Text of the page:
Airbus is working on a hydrogen-powered zero-emission engine for a hydrogen plane
Airbus announced that it has begun developing a fuel-cell engine as part of its plan to introduce a hydrogen-powered commercial aircraft by 2035. The system is one of several options being considered for a potential zero-emission hydrogen aircraft. It is the first time the world’s largest planemaker has ventured directly into engine technology.
Zero-emission project head Glenn Llewellyn stated that if the system is deployed, Boeing will not necessarily go it alone. Rolls-Royce, General Electric, Safran, and Pratt & Whitney are among its major suppliers. Hydrogen is used in fuel cells to generate electricity for electric power plants. An alternative approach that relies on heavy cooling in larger and heavier tanks is based on combusting liquid hydrogen in more conventional jet engines. Rival Boeing has expressed doubts about the commercial viability of hydrogen in aviation fuel, but Airbus said it was moving forward with the goal, which it says is part of a package of measures that has gained political support in Europe.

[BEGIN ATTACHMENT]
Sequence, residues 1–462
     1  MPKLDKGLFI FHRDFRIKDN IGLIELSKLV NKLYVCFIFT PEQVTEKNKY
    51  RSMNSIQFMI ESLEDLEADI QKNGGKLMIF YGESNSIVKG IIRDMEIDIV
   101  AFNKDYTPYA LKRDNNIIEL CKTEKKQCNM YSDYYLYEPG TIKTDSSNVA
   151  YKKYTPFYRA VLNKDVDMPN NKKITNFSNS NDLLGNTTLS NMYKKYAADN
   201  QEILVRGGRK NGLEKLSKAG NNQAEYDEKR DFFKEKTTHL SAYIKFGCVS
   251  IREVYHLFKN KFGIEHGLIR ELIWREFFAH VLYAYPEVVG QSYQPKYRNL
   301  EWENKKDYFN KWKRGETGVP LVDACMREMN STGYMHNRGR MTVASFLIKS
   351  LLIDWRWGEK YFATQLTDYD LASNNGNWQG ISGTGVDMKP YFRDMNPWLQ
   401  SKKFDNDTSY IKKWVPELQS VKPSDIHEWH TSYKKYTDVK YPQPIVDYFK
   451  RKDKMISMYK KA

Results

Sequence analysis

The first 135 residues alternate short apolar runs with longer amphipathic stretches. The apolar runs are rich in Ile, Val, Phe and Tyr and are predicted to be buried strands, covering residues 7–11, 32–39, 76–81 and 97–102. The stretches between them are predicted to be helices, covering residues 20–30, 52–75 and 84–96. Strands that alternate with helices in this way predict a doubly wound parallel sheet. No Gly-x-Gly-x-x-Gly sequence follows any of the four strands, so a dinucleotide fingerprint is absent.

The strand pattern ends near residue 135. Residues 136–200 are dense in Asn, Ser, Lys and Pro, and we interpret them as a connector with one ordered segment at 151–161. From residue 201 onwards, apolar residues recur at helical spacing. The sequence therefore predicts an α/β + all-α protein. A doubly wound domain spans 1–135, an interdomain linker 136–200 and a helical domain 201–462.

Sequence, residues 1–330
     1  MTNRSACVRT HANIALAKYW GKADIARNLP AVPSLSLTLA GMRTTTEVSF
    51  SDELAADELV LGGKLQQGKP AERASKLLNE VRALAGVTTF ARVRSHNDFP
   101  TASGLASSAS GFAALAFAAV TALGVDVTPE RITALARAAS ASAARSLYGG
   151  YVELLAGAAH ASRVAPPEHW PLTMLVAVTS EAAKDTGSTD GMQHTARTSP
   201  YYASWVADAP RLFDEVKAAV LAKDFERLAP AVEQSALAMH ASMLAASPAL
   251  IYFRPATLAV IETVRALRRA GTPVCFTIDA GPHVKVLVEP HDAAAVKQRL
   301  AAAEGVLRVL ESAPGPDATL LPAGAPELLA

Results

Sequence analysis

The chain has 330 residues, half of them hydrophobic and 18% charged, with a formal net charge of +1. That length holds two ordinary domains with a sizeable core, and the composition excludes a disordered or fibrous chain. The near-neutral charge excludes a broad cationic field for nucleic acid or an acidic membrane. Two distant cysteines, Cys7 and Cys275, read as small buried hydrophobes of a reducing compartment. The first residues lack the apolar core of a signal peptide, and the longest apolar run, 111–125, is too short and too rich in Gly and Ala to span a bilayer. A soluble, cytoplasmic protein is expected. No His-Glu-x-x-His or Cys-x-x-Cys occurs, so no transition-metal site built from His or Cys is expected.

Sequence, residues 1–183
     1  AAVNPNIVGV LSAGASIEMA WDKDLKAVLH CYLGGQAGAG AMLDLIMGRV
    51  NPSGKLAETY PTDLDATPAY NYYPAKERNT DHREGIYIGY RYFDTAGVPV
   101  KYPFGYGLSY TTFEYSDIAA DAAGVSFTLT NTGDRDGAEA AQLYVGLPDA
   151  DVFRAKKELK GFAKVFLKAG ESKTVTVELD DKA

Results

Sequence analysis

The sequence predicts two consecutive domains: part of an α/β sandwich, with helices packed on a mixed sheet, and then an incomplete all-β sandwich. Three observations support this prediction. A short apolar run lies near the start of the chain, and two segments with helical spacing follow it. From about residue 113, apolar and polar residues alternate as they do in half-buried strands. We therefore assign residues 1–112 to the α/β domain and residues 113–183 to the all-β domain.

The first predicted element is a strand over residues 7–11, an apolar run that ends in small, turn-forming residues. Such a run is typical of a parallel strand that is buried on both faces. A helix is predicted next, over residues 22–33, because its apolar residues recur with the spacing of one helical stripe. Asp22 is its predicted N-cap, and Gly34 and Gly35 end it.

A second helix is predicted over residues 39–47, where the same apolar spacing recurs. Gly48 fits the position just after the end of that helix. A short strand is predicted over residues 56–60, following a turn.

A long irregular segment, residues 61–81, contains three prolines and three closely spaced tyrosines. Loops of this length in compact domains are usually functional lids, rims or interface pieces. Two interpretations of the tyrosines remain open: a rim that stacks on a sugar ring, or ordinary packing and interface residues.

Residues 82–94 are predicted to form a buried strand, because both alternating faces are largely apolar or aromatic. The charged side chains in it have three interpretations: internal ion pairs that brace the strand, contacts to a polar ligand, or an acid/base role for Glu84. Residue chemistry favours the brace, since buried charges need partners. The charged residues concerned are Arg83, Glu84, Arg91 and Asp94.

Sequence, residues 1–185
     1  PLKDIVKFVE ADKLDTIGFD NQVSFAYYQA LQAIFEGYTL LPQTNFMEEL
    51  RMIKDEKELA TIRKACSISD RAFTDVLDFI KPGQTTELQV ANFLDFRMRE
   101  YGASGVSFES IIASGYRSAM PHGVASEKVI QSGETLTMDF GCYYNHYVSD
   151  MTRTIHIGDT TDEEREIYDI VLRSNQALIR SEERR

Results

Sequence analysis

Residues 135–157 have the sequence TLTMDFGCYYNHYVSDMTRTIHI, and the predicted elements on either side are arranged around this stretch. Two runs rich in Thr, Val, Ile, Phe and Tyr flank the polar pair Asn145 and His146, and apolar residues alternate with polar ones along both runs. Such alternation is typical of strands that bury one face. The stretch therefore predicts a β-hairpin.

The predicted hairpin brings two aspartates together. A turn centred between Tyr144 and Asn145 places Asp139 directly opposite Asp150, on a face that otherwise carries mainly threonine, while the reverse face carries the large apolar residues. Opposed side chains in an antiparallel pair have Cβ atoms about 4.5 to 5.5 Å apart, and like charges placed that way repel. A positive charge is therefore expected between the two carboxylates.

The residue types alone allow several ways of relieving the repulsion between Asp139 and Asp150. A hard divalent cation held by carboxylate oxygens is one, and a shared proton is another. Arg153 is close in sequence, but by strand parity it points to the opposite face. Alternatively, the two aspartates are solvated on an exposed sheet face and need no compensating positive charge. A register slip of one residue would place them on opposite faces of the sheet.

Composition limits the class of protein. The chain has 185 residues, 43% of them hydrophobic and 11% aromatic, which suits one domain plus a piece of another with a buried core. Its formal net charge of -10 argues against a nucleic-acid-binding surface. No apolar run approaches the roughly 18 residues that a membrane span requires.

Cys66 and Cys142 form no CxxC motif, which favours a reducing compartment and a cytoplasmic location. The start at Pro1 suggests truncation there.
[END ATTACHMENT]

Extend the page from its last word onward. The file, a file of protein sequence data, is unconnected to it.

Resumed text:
Airbus also renewed calls for a significant increase in the availability of Sustainable Aviation Fuel (SAF), which many experts believe is the most promising short-term path to reducing emissions. Airbus is aiming for a 100-seater “zero-E” plane, which would be a step down from its current portfolio, which starts at 110 seats and has stated that it is considering various shapes and designs for propulsion. However, it ruled out moving forward with a distinctive blended-wing-body shape, which had previously appeared alongside a conventional “tube and wing” shape or a turboprop. Airbus said during a two-day sustainability event that it will begin ground and flight testing of fuel-cell architecture by the middle of the decade.